NASA and the National Oceanic and Atmospheric Administration [NOAA], which gather large volumes of data, were not present at the event but will be in time, John Holdren, assistant to the president for science and technology and director of the White House Office of Science and Technology Policy, said March 29 at an event on big data in Washington, D.C. Many other agencies will be engaged in the big data initiative in the future, Holdren said
The ability to utilize technology is already developed enough that almost nothing remains private about citizen’s lives: banking records, verbal and electronic communications, and physical activities. The media continually portrays the violation of individual’s privacy by law enforcement. One has to refer to weekly TV dramas to see how far it has gone. The proliferation of video cameras in public areas enables tracking people like never before. Facial recognition software is employed to identify people in public places.
H.R. 347, the ‘Federal Restricted Buildings and Grounds Improvement Act of 2011
Restrictions to the free speech guaranteed by the 1st Amendment to the Constitution have now been implemented by the government with the complicity of both the legislative and executive branches of the government.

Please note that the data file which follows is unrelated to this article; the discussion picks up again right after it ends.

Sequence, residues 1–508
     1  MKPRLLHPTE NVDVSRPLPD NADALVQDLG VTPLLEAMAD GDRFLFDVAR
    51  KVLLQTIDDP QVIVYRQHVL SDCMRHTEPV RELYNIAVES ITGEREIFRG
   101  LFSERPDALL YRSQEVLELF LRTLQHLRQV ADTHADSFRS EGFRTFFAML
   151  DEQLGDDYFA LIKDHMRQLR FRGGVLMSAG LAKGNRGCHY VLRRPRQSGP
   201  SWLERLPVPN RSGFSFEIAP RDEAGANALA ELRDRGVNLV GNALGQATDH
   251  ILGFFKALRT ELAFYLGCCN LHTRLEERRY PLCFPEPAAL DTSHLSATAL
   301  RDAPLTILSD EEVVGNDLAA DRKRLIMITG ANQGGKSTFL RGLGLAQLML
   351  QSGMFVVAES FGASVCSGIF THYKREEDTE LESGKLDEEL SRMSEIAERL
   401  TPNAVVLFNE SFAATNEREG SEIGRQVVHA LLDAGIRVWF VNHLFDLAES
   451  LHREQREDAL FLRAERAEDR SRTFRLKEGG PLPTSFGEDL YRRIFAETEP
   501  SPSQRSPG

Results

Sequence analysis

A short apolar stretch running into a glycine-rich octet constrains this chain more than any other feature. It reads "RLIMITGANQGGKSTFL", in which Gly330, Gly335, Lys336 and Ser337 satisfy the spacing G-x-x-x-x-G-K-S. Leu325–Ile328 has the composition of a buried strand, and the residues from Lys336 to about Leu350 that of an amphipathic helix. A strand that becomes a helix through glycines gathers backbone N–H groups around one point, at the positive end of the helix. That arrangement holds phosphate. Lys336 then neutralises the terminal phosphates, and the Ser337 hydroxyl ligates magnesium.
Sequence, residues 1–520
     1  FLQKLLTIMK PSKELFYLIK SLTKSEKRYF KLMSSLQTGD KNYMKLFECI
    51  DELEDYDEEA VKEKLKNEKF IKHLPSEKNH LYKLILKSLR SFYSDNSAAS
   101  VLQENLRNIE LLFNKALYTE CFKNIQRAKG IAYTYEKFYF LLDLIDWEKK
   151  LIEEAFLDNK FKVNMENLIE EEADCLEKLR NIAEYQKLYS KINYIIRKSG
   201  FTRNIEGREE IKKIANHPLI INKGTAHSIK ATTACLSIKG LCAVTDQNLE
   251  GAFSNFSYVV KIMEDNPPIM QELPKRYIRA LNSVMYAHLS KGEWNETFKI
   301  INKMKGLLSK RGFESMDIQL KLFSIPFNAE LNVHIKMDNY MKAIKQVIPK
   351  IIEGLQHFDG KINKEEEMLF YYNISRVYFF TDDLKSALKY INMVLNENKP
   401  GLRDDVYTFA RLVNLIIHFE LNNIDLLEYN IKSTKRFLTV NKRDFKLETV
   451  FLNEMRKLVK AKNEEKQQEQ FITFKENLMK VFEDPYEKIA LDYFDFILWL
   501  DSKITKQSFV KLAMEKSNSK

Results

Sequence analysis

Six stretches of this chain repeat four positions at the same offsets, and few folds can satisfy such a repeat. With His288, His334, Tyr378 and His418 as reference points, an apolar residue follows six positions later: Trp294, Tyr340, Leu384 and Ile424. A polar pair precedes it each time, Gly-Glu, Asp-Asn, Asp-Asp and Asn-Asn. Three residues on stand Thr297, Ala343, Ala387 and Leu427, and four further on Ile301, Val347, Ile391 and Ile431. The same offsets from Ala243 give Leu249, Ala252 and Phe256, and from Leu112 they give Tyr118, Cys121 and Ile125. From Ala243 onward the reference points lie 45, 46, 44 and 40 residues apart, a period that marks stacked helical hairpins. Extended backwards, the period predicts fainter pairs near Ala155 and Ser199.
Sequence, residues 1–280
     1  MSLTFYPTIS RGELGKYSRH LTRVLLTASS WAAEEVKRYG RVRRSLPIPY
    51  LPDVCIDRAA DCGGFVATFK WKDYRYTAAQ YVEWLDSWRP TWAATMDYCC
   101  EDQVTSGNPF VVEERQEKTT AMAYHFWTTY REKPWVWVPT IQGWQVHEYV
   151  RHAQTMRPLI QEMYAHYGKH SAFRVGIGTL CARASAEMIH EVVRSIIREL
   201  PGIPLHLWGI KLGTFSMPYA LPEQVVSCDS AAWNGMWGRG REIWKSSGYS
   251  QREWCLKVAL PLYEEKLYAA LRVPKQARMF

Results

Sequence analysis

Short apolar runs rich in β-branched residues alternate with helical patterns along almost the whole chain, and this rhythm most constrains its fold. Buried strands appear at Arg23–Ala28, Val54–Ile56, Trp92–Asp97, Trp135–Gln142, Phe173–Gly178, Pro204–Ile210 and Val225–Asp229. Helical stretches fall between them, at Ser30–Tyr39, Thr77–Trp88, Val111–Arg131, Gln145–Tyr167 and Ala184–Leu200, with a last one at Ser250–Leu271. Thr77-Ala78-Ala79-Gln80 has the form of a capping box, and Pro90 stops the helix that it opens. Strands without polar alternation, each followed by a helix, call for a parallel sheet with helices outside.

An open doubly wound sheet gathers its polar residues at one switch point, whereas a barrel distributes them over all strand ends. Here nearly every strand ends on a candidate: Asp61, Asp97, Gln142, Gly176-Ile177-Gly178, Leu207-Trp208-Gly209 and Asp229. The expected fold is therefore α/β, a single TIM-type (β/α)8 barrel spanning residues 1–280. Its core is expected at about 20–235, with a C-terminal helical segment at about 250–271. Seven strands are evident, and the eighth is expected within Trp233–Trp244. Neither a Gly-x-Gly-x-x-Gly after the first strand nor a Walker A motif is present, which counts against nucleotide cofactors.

The White House has confirmed that Barack Obama has signed into law an update of restrictions around the White House, the vice president’s resident and other locations – a move critics say signals the “end to free speech.”
The bill states, “Whoever knowingly enters or remains in any restricted building or grounds without lawful authority to do so; knowingly, and with intent to impede or disrupt the orderly conduct of government business or official functions, engages in disorderly or disruptive conduct in, or within such proximity to, any restricted building or grounds when, or so that, such conduct, in fact, impedes or disrupts the orderly conduct of government business or official functions; knowingly, and with the intent to impede or disrupt the orderly conduct of government business or official functions, obstructs or impedes ingress or egress to or from any restricted building or grounds; or knowingly engages in any act of physical violence against any person or property in any restricted building or grounds; attempts or conspires to do so, shall be punished.”
Presidential candidate Ron Paul stated, “The House of Representatives approved a bill on Monday that outlaws protests in instances where some government officials are nearby, whether or not you even know it.”
“While the Trespass Bill may have started out with the best of intentions, it has ended up as the government’s declaration of zero tolerance for individuals exercising their First Amendment rights,” he said. . .